This article appeared in the Wednesday May 27th edition of the Suburban Life Newspaper. Reporter Joe Sinopoli spent the evening at the May CSRA General meeting….
Some call him Ed Schumacher. Many others know him as WA9GQK. Same goes for Scott Childers, or W9CHI as he is know in the amateur radio world.
The two Westchester residents are members of the Westchester-based Chicago Suburban Radio Association, which is celebrating its 85th birthday this year. Its members are of all ages and come from throughout the Chicago metropolitan area.
It all started when a handful of amateur radio operators got together in 1924 to discuss their mutual interest in the airwaves. A year later the association was formed in Chicago.
Today, the association is the oldest radio club in the county.
Amateur radio, otherwise known as ham radio, is a multifaceted hobby centered on wireless, worldwide communication. Operators can communicate verbally or by Morse Code, and can make contacts across the globe or even in outer space. Amateur radio buffs are among a handful of people who can actually drop a line to the International Space Station orbiting Earth.
Just because they are called amateurs does not mean they are not skilled communicators. The term signifies the operators cannot financially benefit by communications.
Such a hobby is no stretch for Childers, afternoon host and IT director for WSSR Star 96.7 FM.
“It’s the communication, the ability to pick up a microphone and see where your voice will go,” he said. “It’s fun to talk to people. How interesting is it to be able to speak to someone in Cuba, someone in Russia or Brazil?”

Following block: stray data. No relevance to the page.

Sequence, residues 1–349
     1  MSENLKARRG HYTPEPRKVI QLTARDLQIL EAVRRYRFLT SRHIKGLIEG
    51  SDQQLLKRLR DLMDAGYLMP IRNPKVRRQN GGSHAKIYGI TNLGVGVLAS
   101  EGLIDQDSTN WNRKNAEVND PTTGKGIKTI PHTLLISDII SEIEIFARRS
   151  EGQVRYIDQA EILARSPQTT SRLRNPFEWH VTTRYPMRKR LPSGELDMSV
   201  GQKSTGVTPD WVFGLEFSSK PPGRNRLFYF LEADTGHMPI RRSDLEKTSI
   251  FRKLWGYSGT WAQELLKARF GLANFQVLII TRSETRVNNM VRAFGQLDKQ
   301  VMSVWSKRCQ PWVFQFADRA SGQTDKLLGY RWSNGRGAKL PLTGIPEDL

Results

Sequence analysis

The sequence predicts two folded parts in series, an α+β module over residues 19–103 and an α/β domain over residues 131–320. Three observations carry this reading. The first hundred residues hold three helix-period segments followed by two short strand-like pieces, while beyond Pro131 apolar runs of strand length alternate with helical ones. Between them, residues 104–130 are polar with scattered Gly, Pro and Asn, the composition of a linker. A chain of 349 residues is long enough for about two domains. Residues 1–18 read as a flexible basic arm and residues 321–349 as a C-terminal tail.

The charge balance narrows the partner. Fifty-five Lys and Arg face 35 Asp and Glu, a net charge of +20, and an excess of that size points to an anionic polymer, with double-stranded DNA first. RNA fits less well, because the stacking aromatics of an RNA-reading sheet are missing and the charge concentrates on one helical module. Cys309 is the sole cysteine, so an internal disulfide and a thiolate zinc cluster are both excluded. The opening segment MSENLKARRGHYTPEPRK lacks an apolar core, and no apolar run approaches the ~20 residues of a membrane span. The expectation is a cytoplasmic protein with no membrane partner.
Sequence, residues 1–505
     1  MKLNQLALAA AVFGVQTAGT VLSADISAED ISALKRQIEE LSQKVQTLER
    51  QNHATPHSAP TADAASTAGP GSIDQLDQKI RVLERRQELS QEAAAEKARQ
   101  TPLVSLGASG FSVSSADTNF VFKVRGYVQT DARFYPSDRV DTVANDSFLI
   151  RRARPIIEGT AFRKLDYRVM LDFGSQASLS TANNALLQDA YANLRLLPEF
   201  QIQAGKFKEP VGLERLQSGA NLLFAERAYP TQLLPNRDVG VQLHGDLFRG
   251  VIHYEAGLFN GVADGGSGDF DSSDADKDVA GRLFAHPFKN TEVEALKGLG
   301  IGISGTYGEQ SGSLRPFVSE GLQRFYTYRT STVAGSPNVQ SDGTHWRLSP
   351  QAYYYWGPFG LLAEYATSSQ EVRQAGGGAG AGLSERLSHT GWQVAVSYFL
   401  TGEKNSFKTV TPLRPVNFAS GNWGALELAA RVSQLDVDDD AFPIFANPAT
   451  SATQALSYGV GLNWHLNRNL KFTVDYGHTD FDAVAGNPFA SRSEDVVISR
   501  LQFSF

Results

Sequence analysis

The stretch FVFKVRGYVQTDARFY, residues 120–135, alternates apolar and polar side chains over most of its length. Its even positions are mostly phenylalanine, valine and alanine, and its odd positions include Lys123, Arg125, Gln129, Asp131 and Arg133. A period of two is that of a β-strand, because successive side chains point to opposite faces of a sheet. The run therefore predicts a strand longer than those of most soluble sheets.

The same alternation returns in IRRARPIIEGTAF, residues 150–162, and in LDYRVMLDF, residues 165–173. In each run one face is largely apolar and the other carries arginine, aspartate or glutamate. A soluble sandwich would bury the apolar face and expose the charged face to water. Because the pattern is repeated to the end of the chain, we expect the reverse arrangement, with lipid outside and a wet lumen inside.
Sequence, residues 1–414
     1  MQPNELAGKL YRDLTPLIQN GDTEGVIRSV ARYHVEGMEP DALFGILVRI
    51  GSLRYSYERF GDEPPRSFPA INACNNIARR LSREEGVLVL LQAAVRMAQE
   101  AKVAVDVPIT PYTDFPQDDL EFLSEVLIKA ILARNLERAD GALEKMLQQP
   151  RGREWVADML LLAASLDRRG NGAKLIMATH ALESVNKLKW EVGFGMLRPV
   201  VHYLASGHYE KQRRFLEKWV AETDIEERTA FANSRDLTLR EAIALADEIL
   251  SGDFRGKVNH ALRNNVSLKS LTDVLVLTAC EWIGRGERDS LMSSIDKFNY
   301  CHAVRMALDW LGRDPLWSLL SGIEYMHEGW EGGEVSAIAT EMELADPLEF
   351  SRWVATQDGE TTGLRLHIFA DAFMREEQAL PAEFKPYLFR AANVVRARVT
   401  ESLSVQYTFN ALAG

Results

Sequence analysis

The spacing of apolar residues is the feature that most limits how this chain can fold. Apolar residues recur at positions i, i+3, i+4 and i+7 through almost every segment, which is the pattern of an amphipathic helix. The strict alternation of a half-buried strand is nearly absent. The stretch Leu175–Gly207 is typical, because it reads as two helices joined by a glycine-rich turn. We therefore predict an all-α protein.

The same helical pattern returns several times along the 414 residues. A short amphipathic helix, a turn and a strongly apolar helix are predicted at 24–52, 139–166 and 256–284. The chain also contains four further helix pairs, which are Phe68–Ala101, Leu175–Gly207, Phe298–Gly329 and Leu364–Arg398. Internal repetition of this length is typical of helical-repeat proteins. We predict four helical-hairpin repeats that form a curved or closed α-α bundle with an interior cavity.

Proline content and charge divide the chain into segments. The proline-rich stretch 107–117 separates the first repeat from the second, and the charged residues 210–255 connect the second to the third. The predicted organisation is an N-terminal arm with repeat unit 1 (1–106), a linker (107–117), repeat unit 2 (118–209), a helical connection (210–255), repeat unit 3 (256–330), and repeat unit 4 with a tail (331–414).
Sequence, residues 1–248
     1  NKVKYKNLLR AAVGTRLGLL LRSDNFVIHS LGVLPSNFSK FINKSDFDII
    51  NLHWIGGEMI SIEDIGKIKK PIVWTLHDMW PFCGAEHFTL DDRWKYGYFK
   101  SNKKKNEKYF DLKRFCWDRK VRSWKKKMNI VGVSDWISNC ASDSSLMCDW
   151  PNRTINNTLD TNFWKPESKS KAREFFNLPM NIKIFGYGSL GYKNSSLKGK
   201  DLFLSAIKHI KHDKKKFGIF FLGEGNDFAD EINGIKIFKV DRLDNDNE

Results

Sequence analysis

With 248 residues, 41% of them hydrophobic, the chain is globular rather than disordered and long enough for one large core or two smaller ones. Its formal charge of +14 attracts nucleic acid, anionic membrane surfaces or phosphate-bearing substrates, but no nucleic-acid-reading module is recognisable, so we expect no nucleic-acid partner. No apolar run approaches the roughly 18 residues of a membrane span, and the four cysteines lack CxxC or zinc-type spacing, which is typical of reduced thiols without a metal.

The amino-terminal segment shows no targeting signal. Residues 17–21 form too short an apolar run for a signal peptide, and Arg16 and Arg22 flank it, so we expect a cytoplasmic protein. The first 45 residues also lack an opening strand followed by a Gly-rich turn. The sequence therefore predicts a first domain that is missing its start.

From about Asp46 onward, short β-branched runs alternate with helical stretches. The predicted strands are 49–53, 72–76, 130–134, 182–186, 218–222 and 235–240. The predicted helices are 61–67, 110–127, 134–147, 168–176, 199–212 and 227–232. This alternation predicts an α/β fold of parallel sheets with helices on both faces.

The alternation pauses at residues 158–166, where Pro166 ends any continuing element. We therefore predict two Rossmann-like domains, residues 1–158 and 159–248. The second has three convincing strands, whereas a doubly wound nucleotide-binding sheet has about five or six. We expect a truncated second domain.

Schumacher, an engineer by profession and club president, said it is the technical aspect of radio that interests him so much.
“I must be from a galaxy where we were all technicians,” he said. “From the first time I saw the Boy Scouts electronics merit badge books, it just grabbed me, and I went to read every book the Berwyn Library had on it.”
But it is not entirely about fun and games.
Ham operators have been responding to emergency situations since the beginning of the medium and play an important role in communicating in areas when the infrastructure has failed. Ham operators provided communications in such emergencies as the Plainfield tornado, the Shuttle Columbia recovery effort and the World Trade Center tragedy on 9/11.
The club will be participating in an emergency preparedness Field Day exercise June 27 at Veterans Park in North Riverside. There they will test their operator’s skills in setting up and operating radio equipment under emergency situations where power is not available.
The exercise simulates natural and man-made disaster conditions.